Since the 1960s, the aerodrome has been used mainly for flying schools and charter companies. The website has a wealth of information organised into specific years with many photographs of aircraft and of the developing site. Many of the developments took a long time to be approved with the advent of increased housing around the site and related planning laws. Two of the newly built houses were purchased as homes for pilots while flying instructors and engineers lived in caravans.


Today the hangars are mostly used for maintenance which means the aircraft have to contend with all weathers including, on occasions, very strong winds causing some to be wrecked. With the necessity of providing services and shelter for helicopters, a new larger hangar was needed and further planning wranglings ensued before a public enquiry granted permission.


Today, the aerodrome is a thriving concern with several businesses operating from there including flying schools, specialist film and TV companies and those offering charter flights or plane hire.


On yer bike, John


John Hawkins again: “It’s quite difficult to decide which were the most favourite past-times back then. Train spotting could be done most times of the year. Well, travelling up to the mainline stations, by train maybe edged it in the winter, because we were mainly inside all day. Collecting plane numbers was, in the main a late Spring, Summer and early Autumn period, as it required cycling to London Airport or Denham airfield and that was best done when the weather was good. So I guess we enjoyed them equally really. A decision would be made on the morning, if the weather was promising. We would meet up at Smith’s, the local shop at the top of Oxford Gardens and buy what we needed for the day, although our mums usually made us up some sandwiches. But we needed the ‘in between’ items. Mine would usually be a couple of packets of crisps and a bottle of R Whites Cream Soda. We were all armed with our spotters’ books, notebooks and pencils.


This was brilliant, I loved cycling to Heathrow and staying for the day to get the big airliner numbers. We would set off after breakfast and ride along the A40 then onto the A412 into Uxbridge, then pick up the Cowley, Yiewsley and West Drayton roads and keep going until the A4 Bath Road came up, then cross over and onto the service road which would lead into Percival Way, it was named after the aircraft manufacturer Edgar Percival. At this point you could see the tunnel, which would take us down and underneath the taxying area and into the airport itself.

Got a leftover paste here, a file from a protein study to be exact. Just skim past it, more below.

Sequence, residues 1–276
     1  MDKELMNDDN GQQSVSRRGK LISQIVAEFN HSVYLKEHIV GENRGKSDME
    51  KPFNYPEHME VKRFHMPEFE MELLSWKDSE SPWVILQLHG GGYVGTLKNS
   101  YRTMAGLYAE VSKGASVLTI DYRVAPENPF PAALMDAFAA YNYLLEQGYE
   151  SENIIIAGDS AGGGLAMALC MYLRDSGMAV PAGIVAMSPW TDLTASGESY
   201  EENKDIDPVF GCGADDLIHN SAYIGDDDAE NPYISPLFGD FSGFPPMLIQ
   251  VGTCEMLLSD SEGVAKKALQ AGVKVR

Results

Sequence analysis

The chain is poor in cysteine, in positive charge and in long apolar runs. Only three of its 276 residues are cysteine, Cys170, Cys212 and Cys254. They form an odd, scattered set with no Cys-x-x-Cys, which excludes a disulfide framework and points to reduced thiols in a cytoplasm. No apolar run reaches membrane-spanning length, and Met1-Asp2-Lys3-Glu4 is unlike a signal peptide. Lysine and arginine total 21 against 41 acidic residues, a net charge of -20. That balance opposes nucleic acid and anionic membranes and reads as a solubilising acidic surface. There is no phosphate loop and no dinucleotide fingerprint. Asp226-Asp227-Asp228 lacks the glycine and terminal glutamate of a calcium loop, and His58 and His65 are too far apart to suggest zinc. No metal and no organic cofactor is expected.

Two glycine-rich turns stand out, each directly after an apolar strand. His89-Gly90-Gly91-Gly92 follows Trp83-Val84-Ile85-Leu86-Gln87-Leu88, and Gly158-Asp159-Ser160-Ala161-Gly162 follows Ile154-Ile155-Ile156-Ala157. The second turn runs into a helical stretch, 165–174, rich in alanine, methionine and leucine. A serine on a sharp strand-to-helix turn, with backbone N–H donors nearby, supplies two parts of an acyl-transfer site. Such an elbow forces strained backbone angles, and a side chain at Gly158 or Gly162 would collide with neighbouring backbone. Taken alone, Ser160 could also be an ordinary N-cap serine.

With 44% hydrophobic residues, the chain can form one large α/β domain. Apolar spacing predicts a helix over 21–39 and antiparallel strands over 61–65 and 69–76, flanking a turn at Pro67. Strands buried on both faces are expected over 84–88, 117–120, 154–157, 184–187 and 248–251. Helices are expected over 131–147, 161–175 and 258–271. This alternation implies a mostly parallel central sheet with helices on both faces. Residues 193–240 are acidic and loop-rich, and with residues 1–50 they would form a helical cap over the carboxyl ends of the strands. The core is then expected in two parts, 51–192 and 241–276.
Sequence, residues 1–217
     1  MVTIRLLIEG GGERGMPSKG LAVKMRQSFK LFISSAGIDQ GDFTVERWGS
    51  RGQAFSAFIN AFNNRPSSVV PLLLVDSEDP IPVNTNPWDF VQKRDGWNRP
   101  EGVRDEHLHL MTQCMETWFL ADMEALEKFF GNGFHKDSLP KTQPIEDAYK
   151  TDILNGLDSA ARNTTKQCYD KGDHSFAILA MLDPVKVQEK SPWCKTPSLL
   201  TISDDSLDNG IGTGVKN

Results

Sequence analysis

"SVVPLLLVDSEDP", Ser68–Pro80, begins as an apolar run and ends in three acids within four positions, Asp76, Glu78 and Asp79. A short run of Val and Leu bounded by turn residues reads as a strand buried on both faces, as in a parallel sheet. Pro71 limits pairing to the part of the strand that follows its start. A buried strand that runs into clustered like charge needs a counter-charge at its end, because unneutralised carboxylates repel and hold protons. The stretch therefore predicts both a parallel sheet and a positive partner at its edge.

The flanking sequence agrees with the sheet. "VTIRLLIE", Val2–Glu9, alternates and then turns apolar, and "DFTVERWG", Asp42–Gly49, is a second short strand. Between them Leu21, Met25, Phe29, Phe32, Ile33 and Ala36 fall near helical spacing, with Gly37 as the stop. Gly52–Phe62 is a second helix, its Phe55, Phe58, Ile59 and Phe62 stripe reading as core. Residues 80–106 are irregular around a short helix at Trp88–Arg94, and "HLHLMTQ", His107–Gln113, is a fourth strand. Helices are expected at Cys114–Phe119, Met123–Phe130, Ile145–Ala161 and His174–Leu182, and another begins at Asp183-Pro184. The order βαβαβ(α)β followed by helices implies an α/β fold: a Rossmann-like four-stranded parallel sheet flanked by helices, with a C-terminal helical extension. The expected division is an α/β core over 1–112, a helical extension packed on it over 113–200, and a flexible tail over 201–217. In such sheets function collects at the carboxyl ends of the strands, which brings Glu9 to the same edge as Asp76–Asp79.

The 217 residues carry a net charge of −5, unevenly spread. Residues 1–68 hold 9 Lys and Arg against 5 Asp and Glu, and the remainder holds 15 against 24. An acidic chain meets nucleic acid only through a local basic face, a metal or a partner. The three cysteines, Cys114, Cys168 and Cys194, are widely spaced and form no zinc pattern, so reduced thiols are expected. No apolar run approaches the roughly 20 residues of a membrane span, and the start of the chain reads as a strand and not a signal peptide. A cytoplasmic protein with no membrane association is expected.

We could see, hear and smell the planes above the tunnel, the turbo-prop engines whining, the jet engines whistling whilst taxying across as we approached and cycled underneath and into the dimly lit tunnel. In those days, the security at Heathrow was not as it is now, so it was possible to ride straight into the lower part of the Queen’s Building, round to the back, chain up the bike and climb the stairs up into the Spectators Viewing Area, and there you were. A whole day ahead of watching these aircraft taxying around to park, unload their passengers, refuel and get everything ready to take off again to wherever”



And Even Boats

Denham’s wood yard’s contribution to shipping Despite being a long way from the sea, Denham has made its contribution to sea travel. Hilary Richens: “I remember the time too when Alan was supplying bungs for the Cutty Sark, the 1869 tea-clipper that had been built in Scotland and was moved to the East India Dock in London in December 1954. When it was damaged by fire in 2007, a £50 million restoration project was begun, and Alan’s company was one of many involved in saving the iconic ship.”





Photos


Victoria Carriage by Thomas Quine, CC BY 2.0 <https://creativecommons.org/licenses/by/2.0>, via Wikimedia Commons


Dog Cart by G. H. A. White, Royal Artillery, Public domain, via Wikimedia Commons


Horse drawn tram: Unknown author, Public domain, via Wikimedia Commons


Trolley bus: P L Chadwick / London Trolleybus 1201 at Black Country Living Museum


John Myles Bickerton: Denham Aerodrome website - www.egld.com/1917.html


Cutty Sark: Sandpiper, Public domain, via Wikimedia Commons


Sources


Interviews and conversations with Denham residents


Denham News May 2000


John Hawkins booklet on Buses, Trains and Planes Typesetting, design, origination and printed by John Hawkins. Completed: June, 2021.

Terry Skelton for research gathered on roads and the Denham Aerodrome


Denham Aerodrome website www.egld.com


Wikipedia


British Newspaper Archive